How to Foster a Fun Workplace Culture with Internal Communication Tools

The productivity-boosting benefits of internal communication software has been well-documented. But what if you’re looking not just for a tool that will improve workflow, but also one that helps you build a fun, cohesive work environment? This is an important part of any company, but especially those with remote employees. In order to maximize employee engagement, it’s crucial that all of your employees feel that they’re a part of the larger organization and not working alone in a silo. Internal communication platforms can play a key role in establishing this communal feel, and they often do so in a way that’s fun, informal and mimics the casual, free-flow conversation among colleagues gathering around the keg at a Friday happy hour.

Tips for how to use internal communication software to build a fun virtual office culture

Among Stacklist users, favorite platforms include Slack, HipChat, Yammer, GroupMe and Google Hangouts.

  • Give people insight into what’s going on across the company: As startups grow, it becomes harder to stay informed, and it’s not uncommon for employees to feel disconnected from parts of the company that they’re not directly involved in. Yammer, which functions as an internal company Facebook—even its interface is shockingly FB-like—is often used as a place for teams to share their accomplishments with the entire company, or to spread companywide news. Ampush CEO Jesse Pujji says, “We are pretty heavy users of this for internal social networking across the company. As we've gotten bigger it's become more of a social media/fun/culture-building tool, as opposed to a productivity tool.”
  • Ceate an employee intranet: If you have an employee intranet, make that a space where individuals can share project updates or brag about team wins. Encourage employee engagement by providing the ability to “like” or comment on content, or a Reddit-type tool, where content can be voted up or down. Create as many opportunities for participation as you can, which will keep employees coming back and help them stay informed.
  • Encourage special interest groups: Aside from its direct productivity applications, many companies use instant messaging tools as a forum for fun special interest groups. Ticketmaster Mobile Studio Director of Operations Matthew Raimundo explains that he chose “HipChat for communications between project teams, departments, special interest groups and company communications as a whole. It's been super helpful to have everyone on that platform.” For companies with remote employees, these groups help to create common social threads among employees who don’t often interact face to face.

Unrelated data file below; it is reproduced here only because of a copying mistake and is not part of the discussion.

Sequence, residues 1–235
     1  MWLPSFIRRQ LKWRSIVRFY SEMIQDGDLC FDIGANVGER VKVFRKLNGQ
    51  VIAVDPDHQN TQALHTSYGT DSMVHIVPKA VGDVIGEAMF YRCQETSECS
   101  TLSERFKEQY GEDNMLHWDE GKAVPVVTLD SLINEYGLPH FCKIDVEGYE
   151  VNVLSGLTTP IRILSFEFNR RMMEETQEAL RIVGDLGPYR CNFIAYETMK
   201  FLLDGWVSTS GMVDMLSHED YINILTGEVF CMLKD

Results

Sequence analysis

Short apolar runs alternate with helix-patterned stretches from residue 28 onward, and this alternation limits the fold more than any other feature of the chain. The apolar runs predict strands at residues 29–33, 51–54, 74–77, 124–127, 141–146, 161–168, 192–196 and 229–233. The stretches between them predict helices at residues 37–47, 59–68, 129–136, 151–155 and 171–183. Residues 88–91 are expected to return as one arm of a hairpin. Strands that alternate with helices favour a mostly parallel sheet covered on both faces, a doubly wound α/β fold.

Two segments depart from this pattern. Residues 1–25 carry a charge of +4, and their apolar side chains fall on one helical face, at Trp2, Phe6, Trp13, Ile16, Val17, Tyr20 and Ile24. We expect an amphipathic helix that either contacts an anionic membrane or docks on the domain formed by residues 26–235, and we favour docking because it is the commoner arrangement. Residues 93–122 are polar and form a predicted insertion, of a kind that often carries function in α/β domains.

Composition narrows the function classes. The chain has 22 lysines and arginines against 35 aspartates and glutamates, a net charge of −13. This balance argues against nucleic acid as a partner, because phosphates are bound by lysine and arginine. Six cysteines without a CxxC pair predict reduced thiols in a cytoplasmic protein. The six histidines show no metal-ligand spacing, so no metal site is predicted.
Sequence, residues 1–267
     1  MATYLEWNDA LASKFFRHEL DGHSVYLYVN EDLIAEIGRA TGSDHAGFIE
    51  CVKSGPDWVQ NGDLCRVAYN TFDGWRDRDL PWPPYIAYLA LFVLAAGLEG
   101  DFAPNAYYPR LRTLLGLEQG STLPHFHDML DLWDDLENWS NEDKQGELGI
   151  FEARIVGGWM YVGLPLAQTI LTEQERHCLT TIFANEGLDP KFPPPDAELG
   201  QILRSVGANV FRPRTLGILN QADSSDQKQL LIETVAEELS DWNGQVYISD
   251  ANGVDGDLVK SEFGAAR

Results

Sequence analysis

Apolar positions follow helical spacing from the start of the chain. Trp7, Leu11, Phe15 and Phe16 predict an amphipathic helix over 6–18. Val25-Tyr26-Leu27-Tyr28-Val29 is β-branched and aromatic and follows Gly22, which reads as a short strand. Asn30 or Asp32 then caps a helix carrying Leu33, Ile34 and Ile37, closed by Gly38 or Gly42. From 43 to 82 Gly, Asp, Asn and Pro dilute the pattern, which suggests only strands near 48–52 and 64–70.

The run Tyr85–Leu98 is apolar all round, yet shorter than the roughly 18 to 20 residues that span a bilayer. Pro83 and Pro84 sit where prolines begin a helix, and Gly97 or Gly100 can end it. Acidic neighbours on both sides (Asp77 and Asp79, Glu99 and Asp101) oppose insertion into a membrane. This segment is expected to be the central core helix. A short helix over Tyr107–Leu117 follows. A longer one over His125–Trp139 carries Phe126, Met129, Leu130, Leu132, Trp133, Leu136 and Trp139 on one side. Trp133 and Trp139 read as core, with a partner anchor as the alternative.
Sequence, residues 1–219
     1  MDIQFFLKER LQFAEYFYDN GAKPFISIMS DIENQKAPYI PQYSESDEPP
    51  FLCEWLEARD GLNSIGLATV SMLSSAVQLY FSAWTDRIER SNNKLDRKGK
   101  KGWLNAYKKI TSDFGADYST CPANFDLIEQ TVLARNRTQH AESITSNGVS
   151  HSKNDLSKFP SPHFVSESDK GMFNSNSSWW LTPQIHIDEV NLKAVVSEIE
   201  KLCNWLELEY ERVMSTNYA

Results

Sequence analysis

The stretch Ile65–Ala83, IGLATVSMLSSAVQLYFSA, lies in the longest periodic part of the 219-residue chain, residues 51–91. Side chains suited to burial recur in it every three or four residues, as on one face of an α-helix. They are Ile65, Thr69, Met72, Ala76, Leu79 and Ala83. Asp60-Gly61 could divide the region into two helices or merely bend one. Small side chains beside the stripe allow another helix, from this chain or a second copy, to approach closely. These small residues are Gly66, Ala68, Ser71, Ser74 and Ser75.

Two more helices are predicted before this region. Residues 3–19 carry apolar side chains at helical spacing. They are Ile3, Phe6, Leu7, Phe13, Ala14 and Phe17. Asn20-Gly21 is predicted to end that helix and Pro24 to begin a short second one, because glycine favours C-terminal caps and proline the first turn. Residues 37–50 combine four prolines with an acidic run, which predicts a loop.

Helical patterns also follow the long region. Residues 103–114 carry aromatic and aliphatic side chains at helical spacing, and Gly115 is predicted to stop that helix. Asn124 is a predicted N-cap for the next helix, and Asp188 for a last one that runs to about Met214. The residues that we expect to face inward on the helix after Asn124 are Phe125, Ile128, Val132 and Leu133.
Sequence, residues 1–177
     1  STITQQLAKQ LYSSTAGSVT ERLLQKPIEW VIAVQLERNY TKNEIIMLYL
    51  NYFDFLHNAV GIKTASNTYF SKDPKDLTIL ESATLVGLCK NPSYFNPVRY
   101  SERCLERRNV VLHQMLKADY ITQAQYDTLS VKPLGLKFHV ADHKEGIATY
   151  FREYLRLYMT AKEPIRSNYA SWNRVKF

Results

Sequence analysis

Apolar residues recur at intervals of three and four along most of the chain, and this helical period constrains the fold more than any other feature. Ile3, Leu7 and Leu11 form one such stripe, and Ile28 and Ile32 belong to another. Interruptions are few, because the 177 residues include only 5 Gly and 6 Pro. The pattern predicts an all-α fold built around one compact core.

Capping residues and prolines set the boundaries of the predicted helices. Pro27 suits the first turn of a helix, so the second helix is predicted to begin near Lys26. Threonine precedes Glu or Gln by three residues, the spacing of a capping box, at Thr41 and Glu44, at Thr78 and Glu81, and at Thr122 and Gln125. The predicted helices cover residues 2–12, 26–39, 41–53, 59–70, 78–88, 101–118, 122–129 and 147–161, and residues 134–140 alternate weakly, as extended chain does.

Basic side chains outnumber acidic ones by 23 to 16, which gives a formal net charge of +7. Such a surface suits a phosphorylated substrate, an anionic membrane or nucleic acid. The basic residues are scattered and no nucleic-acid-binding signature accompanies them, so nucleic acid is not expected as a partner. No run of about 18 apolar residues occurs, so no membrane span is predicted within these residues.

• Keep it casual: Email often calls for a more formal style of communication that isn’t really reflective of how people interact in person. Internal communication platforms create a space for more casual conversation, fostering a more personal, non-hierarchical vibe. “All of our important communication flows through Asana, and GroupMe is our team watercooler,” notes Max Nova, founder of SilviaTerra. And, if you’re interested in adding a bit of whimsy to your daily work, “on Slack, you can upload custom emoji's, which, funnily enough, is my favorite feature,” admits Lionheart Software President Dan Loewenherz. “It's surprisingly entertaining, even though it's really functional.”
  • Think outside the box: “We're all in different parts of the world, so on occasion we'll do a happy hour and sit on Google Hangouts and drink, which is fun,” notes Pashmina Lalchandani, owner of Flow Simple. For project-related communications, Lalchandani recommends Teamwork Projects.

A strong sense of camaraderie and employee engagement are critical components of your business, leading to greater employee satisfaction and higher retention rates (which, ultimately, exhibit themselves as increased productivity and employees who are eager to take ownership and make a difference). For companies with remote employees, it’s more challenging to foster that community feel, but internal communication tools—along with a measure of creative thinking—can be a great way of facilitating the type of environment where employees can feel a sense of belonging and ownership.